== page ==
In forming such a chart a large sheet of blue ruled paper will provide us with an excellent frame-work. Each space between the ruled lines might be taken to represent three months' time, so that four spaces will stand for a whole year. The three month space might be (without any need for subsidiary ruling of lines) divided into months by the eye alone--a mark near the edge-lines representing the first and third month of the quarter respectively, while a mark in the middle should clearly define the second month. This arrangement will prove quite distinct, and may be deciphered with facility, indeed perhaps more easily than with the aid of additional lines. At the completion of each year the line should be thickened; while at ten years a double line should be drawn. The eye can now, with a very little practice, distinguish at a glance the individual months and years. The various notable family events, such as births, holidays spent from home, brothers going to school, & c., should now be set down upon the chart in the proper month of the year, and to some extent classified--as, for instance, birthdays should be entered upon one horizontal level and holidays upon another. The most recent events should first be set down, and the earlier added in succession. When this has been carried backwards for several years the time has arrived for entering events of public importance such as royal marriages, the jubilee, wars, the death of eminent personages, & c.; these events might be entered in a separate horizontal space. Each child, simultaneously, should draw out such a chart for himself, an operation he will probably find not only interesting, but also well within his powers to accomplish; allow him to suggest for himself, if possible, the facts to be noticed--and surely this should not be a difficult matter as his attention may easily be recalled, indirectly, to appropriate events within his own recollection.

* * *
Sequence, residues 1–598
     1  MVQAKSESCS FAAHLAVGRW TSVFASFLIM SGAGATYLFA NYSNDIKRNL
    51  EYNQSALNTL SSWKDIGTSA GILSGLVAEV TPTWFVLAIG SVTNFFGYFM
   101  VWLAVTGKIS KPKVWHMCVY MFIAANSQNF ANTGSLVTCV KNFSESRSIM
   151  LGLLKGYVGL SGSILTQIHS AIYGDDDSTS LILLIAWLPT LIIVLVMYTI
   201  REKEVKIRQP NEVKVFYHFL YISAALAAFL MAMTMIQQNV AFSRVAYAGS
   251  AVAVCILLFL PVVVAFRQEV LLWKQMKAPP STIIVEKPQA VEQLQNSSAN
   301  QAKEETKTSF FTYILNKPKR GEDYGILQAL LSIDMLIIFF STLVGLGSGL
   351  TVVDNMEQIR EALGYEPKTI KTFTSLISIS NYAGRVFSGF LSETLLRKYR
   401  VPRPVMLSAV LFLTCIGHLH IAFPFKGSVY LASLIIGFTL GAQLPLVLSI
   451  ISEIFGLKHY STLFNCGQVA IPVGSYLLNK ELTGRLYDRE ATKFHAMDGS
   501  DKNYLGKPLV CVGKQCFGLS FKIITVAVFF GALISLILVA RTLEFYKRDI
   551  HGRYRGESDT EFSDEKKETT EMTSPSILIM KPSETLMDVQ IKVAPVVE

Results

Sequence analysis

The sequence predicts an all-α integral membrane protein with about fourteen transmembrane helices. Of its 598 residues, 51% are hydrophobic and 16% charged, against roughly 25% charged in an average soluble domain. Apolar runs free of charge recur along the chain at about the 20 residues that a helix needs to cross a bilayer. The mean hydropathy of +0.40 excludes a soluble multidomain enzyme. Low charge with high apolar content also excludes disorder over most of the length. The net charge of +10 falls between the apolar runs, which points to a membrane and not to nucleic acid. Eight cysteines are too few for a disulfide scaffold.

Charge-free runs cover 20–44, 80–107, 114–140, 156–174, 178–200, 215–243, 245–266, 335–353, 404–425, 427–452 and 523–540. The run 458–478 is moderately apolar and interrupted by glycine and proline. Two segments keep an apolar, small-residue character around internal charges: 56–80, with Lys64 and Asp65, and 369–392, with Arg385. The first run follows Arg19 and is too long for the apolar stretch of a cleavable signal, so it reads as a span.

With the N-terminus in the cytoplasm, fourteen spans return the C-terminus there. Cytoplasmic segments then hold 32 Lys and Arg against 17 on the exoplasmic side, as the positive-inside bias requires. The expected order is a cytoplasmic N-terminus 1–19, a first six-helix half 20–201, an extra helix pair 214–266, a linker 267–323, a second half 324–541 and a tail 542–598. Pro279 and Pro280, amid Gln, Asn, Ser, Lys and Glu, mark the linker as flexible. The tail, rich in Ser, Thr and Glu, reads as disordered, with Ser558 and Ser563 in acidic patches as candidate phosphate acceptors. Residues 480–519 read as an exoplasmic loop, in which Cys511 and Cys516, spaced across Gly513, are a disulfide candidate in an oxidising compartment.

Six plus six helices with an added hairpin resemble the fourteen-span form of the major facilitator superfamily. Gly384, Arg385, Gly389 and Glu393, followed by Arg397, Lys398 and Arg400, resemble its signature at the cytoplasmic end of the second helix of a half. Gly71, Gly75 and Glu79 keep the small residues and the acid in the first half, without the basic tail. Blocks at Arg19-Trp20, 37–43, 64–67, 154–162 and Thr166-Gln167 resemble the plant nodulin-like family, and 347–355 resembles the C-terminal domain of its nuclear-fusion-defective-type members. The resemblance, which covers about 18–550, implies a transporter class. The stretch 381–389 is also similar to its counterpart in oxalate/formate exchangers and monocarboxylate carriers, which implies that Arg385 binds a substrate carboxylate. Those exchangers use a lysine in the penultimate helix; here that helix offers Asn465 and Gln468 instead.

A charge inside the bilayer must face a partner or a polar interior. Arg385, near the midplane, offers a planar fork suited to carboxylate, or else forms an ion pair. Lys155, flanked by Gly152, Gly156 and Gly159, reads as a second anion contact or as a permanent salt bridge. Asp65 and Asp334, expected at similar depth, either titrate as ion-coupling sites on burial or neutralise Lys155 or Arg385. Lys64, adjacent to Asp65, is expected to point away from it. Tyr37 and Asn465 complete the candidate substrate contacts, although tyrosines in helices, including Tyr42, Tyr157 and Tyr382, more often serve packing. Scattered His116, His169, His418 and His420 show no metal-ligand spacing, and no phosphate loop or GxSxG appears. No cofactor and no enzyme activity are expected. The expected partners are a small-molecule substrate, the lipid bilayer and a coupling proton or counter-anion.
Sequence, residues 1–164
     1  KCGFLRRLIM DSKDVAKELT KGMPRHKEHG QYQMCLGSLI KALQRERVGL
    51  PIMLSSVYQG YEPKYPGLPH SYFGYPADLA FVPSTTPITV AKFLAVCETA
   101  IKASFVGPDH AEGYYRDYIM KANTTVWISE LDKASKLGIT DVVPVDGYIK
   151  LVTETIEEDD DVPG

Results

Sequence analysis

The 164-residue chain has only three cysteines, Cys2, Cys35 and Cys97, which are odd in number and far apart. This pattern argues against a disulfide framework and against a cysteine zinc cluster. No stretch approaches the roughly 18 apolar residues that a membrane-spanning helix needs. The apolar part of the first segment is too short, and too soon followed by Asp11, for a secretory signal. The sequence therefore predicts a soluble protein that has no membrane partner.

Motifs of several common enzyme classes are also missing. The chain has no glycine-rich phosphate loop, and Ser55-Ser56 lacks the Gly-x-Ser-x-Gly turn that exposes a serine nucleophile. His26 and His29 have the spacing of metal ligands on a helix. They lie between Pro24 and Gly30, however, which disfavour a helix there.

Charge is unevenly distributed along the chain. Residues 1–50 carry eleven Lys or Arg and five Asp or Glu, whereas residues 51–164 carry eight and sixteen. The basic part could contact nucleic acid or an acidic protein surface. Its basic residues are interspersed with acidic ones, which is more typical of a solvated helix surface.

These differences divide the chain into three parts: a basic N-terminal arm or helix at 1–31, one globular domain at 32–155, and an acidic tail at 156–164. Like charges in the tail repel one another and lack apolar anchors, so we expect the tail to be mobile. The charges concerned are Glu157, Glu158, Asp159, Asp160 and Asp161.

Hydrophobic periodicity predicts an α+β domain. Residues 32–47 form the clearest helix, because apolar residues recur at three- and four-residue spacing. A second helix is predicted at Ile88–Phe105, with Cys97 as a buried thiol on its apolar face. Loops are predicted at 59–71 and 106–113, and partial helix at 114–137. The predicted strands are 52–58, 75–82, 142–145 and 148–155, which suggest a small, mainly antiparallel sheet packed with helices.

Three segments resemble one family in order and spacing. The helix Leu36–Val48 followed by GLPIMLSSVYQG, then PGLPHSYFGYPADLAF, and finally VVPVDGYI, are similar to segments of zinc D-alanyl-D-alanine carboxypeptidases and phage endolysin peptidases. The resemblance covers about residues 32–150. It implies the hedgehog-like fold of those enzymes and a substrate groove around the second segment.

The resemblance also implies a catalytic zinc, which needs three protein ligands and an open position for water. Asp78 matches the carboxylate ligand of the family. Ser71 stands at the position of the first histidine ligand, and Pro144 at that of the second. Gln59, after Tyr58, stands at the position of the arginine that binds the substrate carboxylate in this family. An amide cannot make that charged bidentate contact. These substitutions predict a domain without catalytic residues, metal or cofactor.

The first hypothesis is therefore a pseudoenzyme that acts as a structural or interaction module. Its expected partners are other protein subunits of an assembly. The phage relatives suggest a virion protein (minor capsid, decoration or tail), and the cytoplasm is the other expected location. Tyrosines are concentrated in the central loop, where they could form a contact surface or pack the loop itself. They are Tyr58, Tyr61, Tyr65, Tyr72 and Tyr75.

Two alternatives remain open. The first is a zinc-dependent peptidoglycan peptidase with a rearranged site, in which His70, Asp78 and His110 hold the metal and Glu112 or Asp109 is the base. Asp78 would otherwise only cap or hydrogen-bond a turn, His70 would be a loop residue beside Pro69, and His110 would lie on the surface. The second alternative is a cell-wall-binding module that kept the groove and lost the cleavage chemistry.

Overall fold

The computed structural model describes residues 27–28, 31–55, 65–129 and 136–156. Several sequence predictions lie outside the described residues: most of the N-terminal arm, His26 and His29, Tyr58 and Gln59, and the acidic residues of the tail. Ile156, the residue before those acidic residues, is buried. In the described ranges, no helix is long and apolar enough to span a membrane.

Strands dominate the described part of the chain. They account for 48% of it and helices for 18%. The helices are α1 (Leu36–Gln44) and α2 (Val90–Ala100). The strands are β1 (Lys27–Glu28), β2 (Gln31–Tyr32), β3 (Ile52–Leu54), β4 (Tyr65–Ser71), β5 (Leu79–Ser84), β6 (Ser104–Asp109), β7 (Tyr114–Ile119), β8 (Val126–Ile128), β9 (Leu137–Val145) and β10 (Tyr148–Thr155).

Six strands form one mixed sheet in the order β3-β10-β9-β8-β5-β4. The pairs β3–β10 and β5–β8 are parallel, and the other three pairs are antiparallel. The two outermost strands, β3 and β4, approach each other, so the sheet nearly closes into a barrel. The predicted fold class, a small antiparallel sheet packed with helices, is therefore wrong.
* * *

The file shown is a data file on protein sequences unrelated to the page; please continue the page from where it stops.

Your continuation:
The child has now created his own history chart; he has thoroughly grasped the germ idea of historical times. It will, however, be wise not yet to leave the method of progression from the present the past. A second chart, on a much more contracted scale, allowing perhaps a single space for not less than ten years, should be drawn out. Interesting and characteristic events belonging to the centuries in order, and to various lands, should form the subject of a series of graphic and vivid word-pictures, and when clearly grasped *See a valuable paper on "The Teaching of Chronology," by Miss Dorothea Beale, in Parents' Review, April, 1891, where such a system is wrought out in detail and familiar to the pupil's mind, each should be carefully entered in its proper place upon the chart, thus gradually leading back the mind to the earliest times of Christian era and beyond. This process accomplished, the second stage in historical teaching has been completed.